For those who have chosen to stay in the homes where they raised their children, a common trend is repurposing bedrooms into storage and activity rooms. One bedroom, while retaining traces of their child’s youth, such as teen idol posters and Sesame Street bed covers, can double as a sewing room. Another bedroom can serve as a stockroom for items that don’t fit in their children’s smaller homes, like baby strollers, cribs, and luggage. Another room, if not the living room, can be a makeshift playroom where the grandchildren can play to their lola’s delight. More often than not, there will be a guest room to welcome vacationing relatives.

Many grandmothers can be labeled as hoarders, but keeping collectibles at home helps prevent empty nest syndrome. This can be a sensitive topic, as younger family members may see this habit as impractical and overwhelming. However, for grandmothers, it’s a way of holding on to memories. Consider arranging for storage rentals or creating organized shelves and cabinetry to keep these items from becoming eyesores. Remember, every grandmother’s prized possessions are her children and grandchildren, so expect to find shrines devoted to them in their homes.

The Fur Mom: Sanctuary, Sanitation, and Snuggling

For mothers whose children are of the furry variety, finding a home that accommodates animals is a top priority. As a fur mom myself, pet-friendliness and security are crucial. Cages and leashes are big no-nos, and low-tolerance neighbors are major red flags. The freedom to roam and sniff around is paramount in keeping pets healthy, so open spaces, good ventilation, strong running water, and nature are essential.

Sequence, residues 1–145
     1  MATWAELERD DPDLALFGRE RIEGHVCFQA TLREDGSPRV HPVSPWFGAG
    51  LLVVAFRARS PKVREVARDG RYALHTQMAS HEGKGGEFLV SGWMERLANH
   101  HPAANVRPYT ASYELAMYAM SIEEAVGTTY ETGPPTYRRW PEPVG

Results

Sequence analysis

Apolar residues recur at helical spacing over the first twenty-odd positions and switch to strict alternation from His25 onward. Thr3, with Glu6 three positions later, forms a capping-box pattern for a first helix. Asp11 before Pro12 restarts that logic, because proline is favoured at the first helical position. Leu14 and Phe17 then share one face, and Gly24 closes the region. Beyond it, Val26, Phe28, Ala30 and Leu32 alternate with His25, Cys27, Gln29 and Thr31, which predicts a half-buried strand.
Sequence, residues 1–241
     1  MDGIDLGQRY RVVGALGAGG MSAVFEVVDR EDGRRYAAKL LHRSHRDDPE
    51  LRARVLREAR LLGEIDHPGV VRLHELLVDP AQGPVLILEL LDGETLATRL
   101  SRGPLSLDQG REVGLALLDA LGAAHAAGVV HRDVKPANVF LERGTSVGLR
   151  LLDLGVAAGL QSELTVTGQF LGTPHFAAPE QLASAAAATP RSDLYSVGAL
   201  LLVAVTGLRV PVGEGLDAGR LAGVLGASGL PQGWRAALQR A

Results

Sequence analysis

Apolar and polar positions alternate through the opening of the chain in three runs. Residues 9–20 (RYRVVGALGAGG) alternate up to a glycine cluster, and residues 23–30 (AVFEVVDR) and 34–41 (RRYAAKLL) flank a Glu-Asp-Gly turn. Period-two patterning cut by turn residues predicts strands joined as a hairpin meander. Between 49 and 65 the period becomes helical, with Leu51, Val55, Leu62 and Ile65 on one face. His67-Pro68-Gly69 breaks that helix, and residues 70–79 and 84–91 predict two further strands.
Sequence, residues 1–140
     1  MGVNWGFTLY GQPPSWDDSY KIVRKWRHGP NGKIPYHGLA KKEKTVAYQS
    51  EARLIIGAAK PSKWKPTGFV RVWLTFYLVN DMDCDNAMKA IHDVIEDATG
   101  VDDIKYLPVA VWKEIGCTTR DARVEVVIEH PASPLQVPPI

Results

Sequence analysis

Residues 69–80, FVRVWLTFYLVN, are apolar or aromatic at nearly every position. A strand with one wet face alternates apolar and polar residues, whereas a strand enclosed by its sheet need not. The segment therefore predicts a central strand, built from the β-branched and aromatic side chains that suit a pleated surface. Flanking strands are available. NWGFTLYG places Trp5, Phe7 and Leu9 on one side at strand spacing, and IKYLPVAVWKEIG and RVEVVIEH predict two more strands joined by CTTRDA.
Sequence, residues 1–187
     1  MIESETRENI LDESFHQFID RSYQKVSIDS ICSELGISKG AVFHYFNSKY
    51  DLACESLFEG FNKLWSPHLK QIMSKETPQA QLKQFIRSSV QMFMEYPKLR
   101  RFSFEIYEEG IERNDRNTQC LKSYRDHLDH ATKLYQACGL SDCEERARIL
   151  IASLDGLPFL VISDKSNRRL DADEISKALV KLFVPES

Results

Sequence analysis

Dogs need to walk around to find the perfect spot to do their business, making parks and walking trails appealing for pup moms. Meanwhile, cats need well-ventilated homes with plenty of windows and balconies to keep their litter boxes fresh and aired out. Just like kids, pets can get dirty after a long day of playing, making bath-tubs or wet areas essential for keeping them clean.

These critters are also very curious and may roam into spaces where they shouldn’t, so it’s important to have fenced yards. On high floors, balconies should be secured with nets or screens so they won’t slip through the slats. Fur moms also steer away from homes near busy and noisy streets to prevent vehicular runovers and stress. Pets, especially kittens and puppies, like to gnaw, chew, and play rough, so durable materials made of stone or steel are preferred over wood and fabric.

In multidwelling communities, tolerance for animals may vary. Therefore, fur moms need assurance that the community or homeowner association (HOA) is pet-friendly, with reasonable regulations regarding pet ownership.

Every fur mom’s highlight of the day is coming home to an excited pet eager for hugs and kisses. Therefore, comfortable furniture such as fluffy couches and beds, as well as lounging areas such as balconies and pocket gardens, are major come-ons.

Mothers have different home needs at different points or circumstances in their lives. But what’s common for all is the desire to provide a home that will make their families feel loved, comfortable, and secure. By recognizing and addressing these varied requirements, real estate professionals can better assist mothers in finding a home where their families can thrive.